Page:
Block-level elements occupies a separate area by default, and will automatically start a new line on the web page, occupying 100% of the width.

<p>hello</p>
<p>world</p>

In the above code, the p element is a block-level element, so the browser will display the content in two lines.

Inline elements are on the same line as other elements by default, and no line breaks are generated. For example, span is an inline element, usually used to specify a special style for certain text.

<span>hello</span> <span>world</span>

In the above code, the span element is an inline element, so the browser will display two lines of content on one line.

Attributes

Attributes are additional information of the label, separated by spaces from the label name and other attributes.

<img src="demo.jpg" width="500" />

In the above code, the <img> tag has two attributes: src and width.

Attributes can use the equal sign to specify the attribute value. For example, demo.jpg in the above example is the attribute value of src. Attribute values ​​are generally enclosed in double quotation marks, which is not required, but it is always recommended to use double quotation marks.

Note that the attribute name is not case sensitive, onclick and onClick are the same attribute.

HTML provides a large number of attributes to customize the behavior of tags. For details, please refer to the chapter "Attributes of Elements".

Basic tags for web pages

Web pages that comply with HTML grammar standards should meet the following basic structure.

<!DOCTYPE html>
<html lang="zh-CN">
  <head>
    <meta charset="utf-8" />
    <title></title>
  </head>
  <body></body>
</html>

No matter how complicated a web page is, it is derived from the basic structure above.

As mentioned earlier, the indentation and line wrapping of HTML code has no effect on the browser. Therefore, the above code can be written in one line, and the rendering result remains unchanged. The above is written in separate lines just to improve readability.

Here are the main tags of this basic structure. They form the skeleton of the web page.

<!doctype>

The first tag of a webpage is usually <!doctype>, which indicates the document type and tells the browser how to parse the webpage.

Generally speaking, just simply declare the doctype as html like the following. The browser will process the web page in accordance with the rules of HTML 5.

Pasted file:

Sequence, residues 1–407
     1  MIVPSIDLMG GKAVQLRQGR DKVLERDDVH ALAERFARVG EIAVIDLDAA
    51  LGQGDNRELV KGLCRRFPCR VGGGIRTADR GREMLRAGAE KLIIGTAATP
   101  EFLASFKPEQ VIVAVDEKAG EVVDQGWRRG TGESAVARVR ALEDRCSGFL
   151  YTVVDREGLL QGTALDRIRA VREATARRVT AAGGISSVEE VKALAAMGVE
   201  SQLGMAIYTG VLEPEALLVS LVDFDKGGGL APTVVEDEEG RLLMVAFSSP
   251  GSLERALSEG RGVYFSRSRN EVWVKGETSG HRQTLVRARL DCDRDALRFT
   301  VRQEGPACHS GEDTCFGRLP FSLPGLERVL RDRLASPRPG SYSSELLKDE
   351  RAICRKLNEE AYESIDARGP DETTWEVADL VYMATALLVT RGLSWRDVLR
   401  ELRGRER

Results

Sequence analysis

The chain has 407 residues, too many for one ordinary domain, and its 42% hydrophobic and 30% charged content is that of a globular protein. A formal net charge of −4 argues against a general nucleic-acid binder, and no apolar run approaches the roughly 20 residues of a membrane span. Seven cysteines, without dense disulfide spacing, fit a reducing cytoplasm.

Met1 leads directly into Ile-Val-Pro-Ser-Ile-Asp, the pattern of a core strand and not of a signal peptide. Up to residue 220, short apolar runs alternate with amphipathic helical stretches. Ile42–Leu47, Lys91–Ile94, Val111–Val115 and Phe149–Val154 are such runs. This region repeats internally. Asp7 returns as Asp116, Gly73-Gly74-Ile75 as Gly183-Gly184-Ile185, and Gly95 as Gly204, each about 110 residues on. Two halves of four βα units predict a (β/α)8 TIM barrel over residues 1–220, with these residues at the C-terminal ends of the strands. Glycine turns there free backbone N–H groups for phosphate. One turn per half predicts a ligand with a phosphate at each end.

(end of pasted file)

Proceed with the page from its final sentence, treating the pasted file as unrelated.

<!DOCTYPE html>

Sometimes, the tag is completely capitalized to distinguish it from normal HTML tags. Because <!doctype> is not essentially a tag, but more like a processing instruction.

<!DOCTYPE html>

<html>

The <html> tag is the top-level container of the web page, that is, the top node of the tag tree structure, also known as the root element, and other elements are its child elements. A webpage can only have one <html> tag.

The lang attribute of this tag indicates the default language of the web page content.

<html lang="zh-CN"></html>

The above code indicates that the webpage is Chinese content. If the content is in English, zh-CN should be changed to en. For a more detailed introduction, see the chapter "Element Properties".

The <head> tag is a container tag used to place the meta information of the web page. Its content does not appear on the web page, but provides additional information for web page rendering.

<!DOCTYPE html>
<html>
  <head>
    <title>Web page title</title>
  </head>
</html>

<head> is the first child element of <html>. If the page does not contain <head>, the browser will automatically create one.

The child elements of <head> generally have the following seven, which will be introduced one by one later.

-<meta>: Set the metadata of the web page. -<link>: Link to external style sheet. -<title>: Set the title of the web page. -<style>: Place the embedded style sheet. -<script>: Introduce a script. -<noscript>: The content to be displayed when the browser does not support scripts. -<base>: Set the calculation base of the relative URL inside the webpage.

<meta>

The <meta> tag is used to set or describe the metadata of the web page, and it must be placed in the <head>. A <meta> tag is a piece of metadata, and a web page can have multiple <meta>s. The <meta> tag is agreed to be placed at the top of the content of <head>.

No matter what kind of webpage, the following two <meta> tags can generally be placed.

<head>
  <meta charset="utf-8" />
  <meta name="viewport" content="width=device-width, initial-scale=1" />
  <title>Page Title</title>
</head>

In the above example, the first <meta> tag indicates that the webpage is encoded in UTF-8 format, and the second <meta> tag indicates that the webpage can be automatically scaled on the mobile phone.

The <meta> tag has five attributes, which will be introduced in turn below.

(1) charset attribute

The charset attribute of the <meta> tag is used to specify the encoding method of the web page. This attribute is very important. If it is set incorrectly, the browser may not be able to decode it correctly and it will display garbled characters.